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Besides masks, U.S. teachers voice support for students in China

By Deng Xianlai and Xu Yuan (Xinhua)    10:33, February 26, 2020

WASHINGTON, Feb. 25 (Xinhua) -- Juliet Hooks, a Greensburg, Pennsylvania, resident who teaches Chinese children English courses online, has recently put a post on Chinese messaging app WeChat asking if any student needs masks, as China is fighting the coronavirus outbreak.

Upon receiving responses from three parents, Hooks sent 200 masks she bought to each of the families.

Additionally, she sent another 1,200 masks at hand to San Francisco, where VIP Kid, the Chinese-owned online education platform she works at, has been organizing a collection effort for masks that will be shipped to China.

"I was so happy," Hooks said of her masks being delivered to China from San Francisco. "They're not going to the families that I know personally, but they're still going to be put to use."

In a picture provided to Xinhua, Hooks is seen posing next to the boxes containing the masks she was about to send to China.

On each of the boxes read the Chinese words "Come on, China!" Hooks said she herself wrote the four-character Chinese phrase, which she learned from her nine-year-old daughter, Freya, who is learning Mandarin.

VIP Kid, which launched the mask collection initiative on Feb. 4, has received "a few thousand" masks donated by some 70 teachers from Texas, Florida, New Jersey, Idaho and Georgia as of mid-February, the company told Xinhua.

"If it's something that I have available to me that they (the Chinese people) need -- and because I'm lucky enough to see these kids every day and have such a connection -- I really wanted to make sure I did that," said teacher Kelsey Covington.

Covington bought 20 masks from her local grocery store and sent them to China from the post office near where she lives.

Teacher Lisa Walsh from Marietta, Ohio, has shipped 100 masks to the company's San Francisco office.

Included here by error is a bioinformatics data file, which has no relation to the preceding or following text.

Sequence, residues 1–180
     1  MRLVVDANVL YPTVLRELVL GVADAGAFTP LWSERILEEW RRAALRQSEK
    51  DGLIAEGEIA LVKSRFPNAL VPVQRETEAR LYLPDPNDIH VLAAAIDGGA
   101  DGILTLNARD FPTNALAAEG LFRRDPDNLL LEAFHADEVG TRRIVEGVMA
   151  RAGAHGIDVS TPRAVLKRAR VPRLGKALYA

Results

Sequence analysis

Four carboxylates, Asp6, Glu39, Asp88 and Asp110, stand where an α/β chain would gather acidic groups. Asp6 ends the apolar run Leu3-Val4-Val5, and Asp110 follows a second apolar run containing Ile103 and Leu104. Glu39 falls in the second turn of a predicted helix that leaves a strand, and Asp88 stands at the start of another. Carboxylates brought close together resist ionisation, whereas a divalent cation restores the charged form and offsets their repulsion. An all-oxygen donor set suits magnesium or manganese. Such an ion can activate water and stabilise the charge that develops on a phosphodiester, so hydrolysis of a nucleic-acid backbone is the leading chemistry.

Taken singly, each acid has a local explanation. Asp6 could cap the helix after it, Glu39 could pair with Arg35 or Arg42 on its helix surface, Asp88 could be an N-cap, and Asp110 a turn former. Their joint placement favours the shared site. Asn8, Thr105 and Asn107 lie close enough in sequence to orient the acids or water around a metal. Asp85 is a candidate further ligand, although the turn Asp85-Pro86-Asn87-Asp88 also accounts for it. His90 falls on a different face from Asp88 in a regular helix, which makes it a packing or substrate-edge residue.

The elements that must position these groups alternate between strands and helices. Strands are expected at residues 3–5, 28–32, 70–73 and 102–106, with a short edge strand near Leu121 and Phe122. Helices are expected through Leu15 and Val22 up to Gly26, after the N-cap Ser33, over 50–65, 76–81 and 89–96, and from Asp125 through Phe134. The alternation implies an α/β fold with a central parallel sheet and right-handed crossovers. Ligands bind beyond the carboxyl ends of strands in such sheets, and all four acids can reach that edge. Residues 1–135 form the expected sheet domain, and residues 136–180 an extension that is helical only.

"As teachers we are concerned and we want to be able to support the people of China any way we can," Walsh said, adding that donating masks is "just a very small way that we show our love," she said.

Besides donating masks, the three teachers all said in recent interviews with Xinhua that they are willing to do whatever they can to lend further support to the Chinese people.

Walsh said she felt "there is very little" she can do, and that she's "so passionate about reaching out to our students."

In order to better prevent and control the coronavirus epidemic, Chinese students need to stay home and study online, prompting a growing number of course requests on the platform. All the teachers said they wanted to take more classes even though they usually have to teach overnight due to the time difference between the two countries.

"It's just one of those things with teaching that there are certain times that you're going to put in a little bit more time and a little bit more effort," Covington said.

As the epidemic goes on in China, Hooks always leaves some words of encouragement nowadays in the post-class feedback to the students and their parents.

"I hope you are all well and continue to stay that way. The world is sending love and support to China through this challenging time," she said, reading one of the written feedbacks.

Walsh, for her part, made a short video for her students and their families. "I am sending all my love to students and their families in China. Wuhan Jiayou (Come on, Wuhan)! Zhongguo Jiayou (Come on, China)!" she said in the video.

Commenting on the anti-Chinese sentiment that has arisen in some parts of the world because of the coronavirus, Walsh said people who think that Chinese people have spread the disease to the world are "very close-minded and unjust."

"Because no one would try to spread this type of virus knowingly," she said.

Echoing Walsh, Covington said she can not understand why those people are "so negative" about China.

"Whether it be the coronavirus or any other situation, we all need to be compassionate for others and be willing to help others in any kind of hard time that they're going through," Covington said.

(Xinhua reporter Hu Yousong in Washington contributed to the story.)

(For the latest China news, Please follow People's Daily on Twitter and Facebook)(Web editor: Zhao Tong, Bianji)

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